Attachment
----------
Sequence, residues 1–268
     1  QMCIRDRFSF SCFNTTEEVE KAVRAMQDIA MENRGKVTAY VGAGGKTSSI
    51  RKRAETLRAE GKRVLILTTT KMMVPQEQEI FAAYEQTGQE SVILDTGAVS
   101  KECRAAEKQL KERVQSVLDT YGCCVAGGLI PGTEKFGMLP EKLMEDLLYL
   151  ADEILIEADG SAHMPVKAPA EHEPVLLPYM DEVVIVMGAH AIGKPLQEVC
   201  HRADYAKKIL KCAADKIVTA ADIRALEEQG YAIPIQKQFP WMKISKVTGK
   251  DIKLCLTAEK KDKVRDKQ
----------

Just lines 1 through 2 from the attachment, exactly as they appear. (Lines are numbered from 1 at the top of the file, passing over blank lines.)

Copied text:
Sequence, residues 1–268
     1  QMCIRDRFSF SCFNTTEEVE KAVRAMQDIA MENRGKVTAY VGAGGKTSSI